In writing my book Mightier than the Sword, which shows how Harriet Beecher Stowe’s antislavery best-seller Uncle Tom’s Cabin fueled the passions behind the Civil War, I realized just how important cultural history is.
Lincoln brought attention to the power of culture when he declared, “Public sentiment is everything…He who moulds public sentiment is greater than he who makes statutes.” He was recognizing something that is all too often forgotten by today’s historians, for whom culture often plays a distant second-fiddle to politics. We can read book after book on Lincoln the politician, his team of rivals, and the era’s political parties – or on Civil War battles or generals or soldiers. Actually, though, throughout history, cultural outliers have usually led the way, and politics and wars have followed in their wake.
Sometimes the cultural outliers are forces for destruction – the prime recent example is Al Qaeda, a tiny cultural splinter group that has controlled much of Western politics for the last decade. But sometimes, cultural outliers have identifiably good results – one thinks, for example, of Gandhi or Rosa Parks or Martin Luther King or others like them who have led directly to political change that can be called positive.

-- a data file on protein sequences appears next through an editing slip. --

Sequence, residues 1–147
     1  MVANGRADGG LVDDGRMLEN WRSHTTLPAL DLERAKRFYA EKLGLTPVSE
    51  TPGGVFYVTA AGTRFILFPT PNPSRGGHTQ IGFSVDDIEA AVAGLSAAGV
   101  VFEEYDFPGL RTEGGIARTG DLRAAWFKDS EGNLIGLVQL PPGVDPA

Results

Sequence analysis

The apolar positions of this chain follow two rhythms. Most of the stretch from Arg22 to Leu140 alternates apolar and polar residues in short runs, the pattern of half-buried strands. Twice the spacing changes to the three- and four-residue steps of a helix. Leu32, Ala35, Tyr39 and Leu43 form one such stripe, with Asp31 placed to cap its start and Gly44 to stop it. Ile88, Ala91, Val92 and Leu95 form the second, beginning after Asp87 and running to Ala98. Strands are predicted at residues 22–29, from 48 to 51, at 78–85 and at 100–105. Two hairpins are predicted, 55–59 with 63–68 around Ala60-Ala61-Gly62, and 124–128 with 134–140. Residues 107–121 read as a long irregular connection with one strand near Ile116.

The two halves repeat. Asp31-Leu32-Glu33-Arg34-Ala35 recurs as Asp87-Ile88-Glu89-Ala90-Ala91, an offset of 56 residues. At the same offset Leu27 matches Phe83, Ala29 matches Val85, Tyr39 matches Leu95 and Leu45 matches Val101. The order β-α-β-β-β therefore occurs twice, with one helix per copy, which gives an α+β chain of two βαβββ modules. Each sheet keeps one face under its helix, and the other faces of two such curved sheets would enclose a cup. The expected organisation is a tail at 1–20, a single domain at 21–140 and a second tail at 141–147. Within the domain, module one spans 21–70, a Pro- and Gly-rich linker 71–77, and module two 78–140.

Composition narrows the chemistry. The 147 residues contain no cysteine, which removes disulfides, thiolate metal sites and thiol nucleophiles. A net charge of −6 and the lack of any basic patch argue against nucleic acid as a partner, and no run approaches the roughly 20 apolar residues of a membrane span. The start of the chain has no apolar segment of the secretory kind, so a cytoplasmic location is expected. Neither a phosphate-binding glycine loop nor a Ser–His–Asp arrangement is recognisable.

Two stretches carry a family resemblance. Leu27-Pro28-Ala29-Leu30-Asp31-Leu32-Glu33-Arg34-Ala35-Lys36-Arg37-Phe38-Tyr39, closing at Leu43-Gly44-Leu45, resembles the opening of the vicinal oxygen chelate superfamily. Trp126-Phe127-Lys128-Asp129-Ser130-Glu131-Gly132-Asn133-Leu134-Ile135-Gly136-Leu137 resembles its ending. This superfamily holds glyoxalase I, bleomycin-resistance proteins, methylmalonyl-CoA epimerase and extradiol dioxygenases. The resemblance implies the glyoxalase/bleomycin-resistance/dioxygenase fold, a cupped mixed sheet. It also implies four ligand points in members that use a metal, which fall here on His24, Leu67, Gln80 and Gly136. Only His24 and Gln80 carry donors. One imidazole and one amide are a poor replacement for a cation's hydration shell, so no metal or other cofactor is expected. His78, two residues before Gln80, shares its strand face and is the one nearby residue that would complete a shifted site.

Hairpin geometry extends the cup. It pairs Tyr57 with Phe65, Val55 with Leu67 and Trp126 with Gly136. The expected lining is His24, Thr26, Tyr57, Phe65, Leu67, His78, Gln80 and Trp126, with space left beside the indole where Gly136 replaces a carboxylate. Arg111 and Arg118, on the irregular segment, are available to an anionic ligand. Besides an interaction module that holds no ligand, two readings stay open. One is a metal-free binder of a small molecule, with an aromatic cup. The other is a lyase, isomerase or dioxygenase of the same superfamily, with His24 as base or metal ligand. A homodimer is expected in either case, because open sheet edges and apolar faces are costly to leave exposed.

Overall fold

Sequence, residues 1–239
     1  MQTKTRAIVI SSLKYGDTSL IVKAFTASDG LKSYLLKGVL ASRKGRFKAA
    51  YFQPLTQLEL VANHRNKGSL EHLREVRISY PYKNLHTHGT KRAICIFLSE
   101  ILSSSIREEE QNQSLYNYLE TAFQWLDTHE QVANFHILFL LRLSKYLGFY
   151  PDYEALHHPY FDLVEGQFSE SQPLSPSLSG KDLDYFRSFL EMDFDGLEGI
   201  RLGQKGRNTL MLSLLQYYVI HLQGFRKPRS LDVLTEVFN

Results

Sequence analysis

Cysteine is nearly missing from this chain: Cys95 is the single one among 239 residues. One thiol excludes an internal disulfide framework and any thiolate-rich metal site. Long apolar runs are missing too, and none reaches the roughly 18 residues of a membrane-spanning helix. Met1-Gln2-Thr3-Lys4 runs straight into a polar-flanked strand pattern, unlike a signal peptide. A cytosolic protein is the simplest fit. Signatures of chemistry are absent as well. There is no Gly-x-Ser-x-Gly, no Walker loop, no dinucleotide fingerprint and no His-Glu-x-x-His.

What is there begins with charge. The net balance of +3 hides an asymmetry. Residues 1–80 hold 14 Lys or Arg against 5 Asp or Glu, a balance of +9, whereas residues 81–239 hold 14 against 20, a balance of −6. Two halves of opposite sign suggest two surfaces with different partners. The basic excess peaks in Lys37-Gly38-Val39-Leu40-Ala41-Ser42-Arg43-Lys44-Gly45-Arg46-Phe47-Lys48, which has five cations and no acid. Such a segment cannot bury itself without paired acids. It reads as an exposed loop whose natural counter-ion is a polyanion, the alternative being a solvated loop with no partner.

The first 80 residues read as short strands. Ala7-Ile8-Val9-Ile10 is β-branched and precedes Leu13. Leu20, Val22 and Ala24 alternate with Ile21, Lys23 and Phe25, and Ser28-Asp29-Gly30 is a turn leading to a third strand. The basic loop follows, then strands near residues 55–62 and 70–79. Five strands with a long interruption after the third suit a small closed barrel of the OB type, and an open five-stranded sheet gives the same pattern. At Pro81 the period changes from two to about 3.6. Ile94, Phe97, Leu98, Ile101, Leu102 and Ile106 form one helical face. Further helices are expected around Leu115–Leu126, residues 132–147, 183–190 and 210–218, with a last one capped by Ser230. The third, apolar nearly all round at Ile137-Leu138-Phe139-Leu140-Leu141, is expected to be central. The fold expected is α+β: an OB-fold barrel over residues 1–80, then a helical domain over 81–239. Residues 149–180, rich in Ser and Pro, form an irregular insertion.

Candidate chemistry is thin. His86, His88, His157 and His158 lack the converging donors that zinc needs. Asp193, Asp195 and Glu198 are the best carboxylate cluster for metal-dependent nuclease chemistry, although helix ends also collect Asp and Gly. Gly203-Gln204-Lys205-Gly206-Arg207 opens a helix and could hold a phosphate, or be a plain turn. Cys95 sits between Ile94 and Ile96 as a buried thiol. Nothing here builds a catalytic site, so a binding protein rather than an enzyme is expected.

On the positive side, few cultural phenomena have swayed public opinion as powerfully as Harriet Beecher Stowe’s novel Uncle Tom’s Cabin, which was central to making America a more egalitarian nation by exposing the horrors of slavery with such vividness that Stowe became, as Lincoln reportedly said, “the little lady who made this great war.”
About the author: David S. Reynolds is a Distinguished Professor of English and American Studies at the Graduate Center of the City University of New York. His works include the award-winning Waking Giant: America in the Age of Jackson, Walt Whitman’s America, and John Brown, Abolitionist. He lives on Long Island.